The trial judge, although he stated that he would instruct the jury as to the limited purpose for which these exhibits were admitted, failed to do so. Appellants urge this as error, relying on Stull v. People, 140 Colo. 278, 344 P.2d 455, as a statement of mandatory procedure controlling the use of 'other crimes' evidence.

'. . . First, the prosecutor should advise the trial court of the purpose for which he offers the evidence. Secondly, if the court admits such evidence, it should Then and there instruct the jury as to the limited purpose for which the evidence is being received and for which the jury may consider it. Thirdly, the general charge should contain a renewal of the instruction on the limited purpose of such evidence. Lastly, the offer of the prosecutor and the instructions of the court should be in carefully couched terms: they should refer to 'other transactions,' 'other acts,' or 'other conduct,' and should eschew such designations as 'similar offenses,' 'other offenses,' 'similar crimes,' and so forth. . . .'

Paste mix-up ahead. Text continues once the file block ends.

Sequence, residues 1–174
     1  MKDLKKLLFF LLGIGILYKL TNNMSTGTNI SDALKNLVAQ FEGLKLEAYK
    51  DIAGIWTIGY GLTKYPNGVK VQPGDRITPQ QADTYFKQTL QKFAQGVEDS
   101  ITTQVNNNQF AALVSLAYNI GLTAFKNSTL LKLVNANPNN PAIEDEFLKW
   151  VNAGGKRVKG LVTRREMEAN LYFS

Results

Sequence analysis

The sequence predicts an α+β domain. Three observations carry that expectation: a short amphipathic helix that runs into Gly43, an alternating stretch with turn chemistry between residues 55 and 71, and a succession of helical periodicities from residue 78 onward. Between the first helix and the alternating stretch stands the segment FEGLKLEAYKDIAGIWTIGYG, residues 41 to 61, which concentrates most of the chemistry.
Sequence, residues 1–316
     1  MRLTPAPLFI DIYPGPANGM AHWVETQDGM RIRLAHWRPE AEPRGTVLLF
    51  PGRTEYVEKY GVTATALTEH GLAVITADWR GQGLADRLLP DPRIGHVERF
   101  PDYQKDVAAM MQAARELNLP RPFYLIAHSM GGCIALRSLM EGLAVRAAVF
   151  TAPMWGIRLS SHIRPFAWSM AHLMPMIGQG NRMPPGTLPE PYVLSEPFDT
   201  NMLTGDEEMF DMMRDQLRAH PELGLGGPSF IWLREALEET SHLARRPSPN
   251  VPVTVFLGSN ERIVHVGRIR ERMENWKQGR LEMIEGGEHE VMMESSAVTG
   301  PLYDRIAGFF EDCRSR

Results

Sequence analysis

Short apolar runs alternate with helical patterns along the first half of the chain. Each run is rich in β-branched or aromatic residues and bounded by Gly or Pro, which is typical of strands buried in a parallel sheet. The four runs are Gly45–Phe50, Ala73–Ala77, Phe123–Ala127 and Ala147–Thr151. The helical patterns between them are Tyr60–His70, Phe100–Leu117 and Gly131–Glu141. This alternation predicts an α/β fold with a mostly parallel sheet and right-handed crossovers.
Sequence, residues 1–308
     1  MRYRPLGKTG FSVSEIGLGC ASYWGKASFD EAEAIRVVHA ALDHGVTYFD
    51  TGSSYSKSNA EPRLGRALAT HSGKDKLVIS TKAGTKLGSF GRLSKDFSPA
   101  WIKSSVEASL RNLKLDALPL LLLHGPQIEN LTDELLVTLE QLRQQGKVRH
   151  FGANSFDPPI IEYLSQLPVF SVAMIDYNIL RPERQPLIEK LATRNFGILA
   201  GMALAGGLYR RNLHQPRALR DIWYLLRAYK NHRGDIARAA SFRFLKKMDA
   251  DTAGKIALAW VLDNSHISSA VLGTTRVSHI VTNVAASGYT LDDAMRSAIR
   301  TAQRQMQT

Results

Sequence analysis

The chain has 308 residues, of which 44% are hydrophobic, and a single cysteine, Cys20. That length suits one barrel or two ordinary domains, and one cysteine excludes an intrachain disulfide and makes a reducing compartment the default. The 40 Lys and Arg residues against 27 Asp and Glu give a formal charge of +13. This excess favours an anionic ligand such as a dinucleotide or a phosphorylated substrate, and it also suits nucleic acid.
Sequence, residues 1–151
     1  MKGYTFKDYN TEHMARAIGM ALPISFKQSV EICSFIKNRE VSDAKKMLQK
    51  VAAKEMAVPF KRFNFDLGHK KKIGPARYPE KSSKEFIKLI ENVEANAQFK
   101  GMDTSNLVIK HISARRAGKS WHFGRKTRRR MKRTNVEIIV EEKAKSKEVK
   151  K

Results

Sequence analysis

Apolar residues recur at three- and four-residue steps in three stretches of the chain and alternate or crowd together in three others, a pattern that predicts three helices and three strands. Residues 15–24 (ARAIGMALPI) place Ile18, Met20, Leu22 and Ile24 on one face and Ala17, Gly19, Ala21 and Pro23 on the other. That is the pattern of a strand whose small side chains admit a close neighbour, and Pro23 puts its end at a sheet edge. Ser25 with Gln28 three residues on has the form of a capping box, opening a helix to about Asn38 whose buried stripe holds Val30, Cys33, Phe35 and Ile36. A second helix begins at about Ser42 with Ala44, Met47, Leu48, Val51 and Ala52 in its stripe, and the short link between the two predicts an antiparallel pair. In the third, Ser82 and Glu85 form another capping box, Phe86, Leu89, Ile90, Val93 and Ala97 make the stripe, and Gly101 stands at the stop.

The Stull doctrine, which we reaffirm, is premised on the proposition that a defendant should not be tried for a crime wholly independent of the offense for which he is on trial. In the Stull opinion this court in commenting on this point said:

'And a presumption of guilt should not be generated against an accused by showing that he committed a crime indicative that he is a depraved person who likely would commit the crime for which he is being tried. . . .'

Here, the evidence relating to the motel linen was not introduced to show the transaction at the motel as independent criminal activity, but was used as one circumstance in a chain of circumstances to establish that the defendants accompanied Twyford from Omaha to the scene of the crime charged.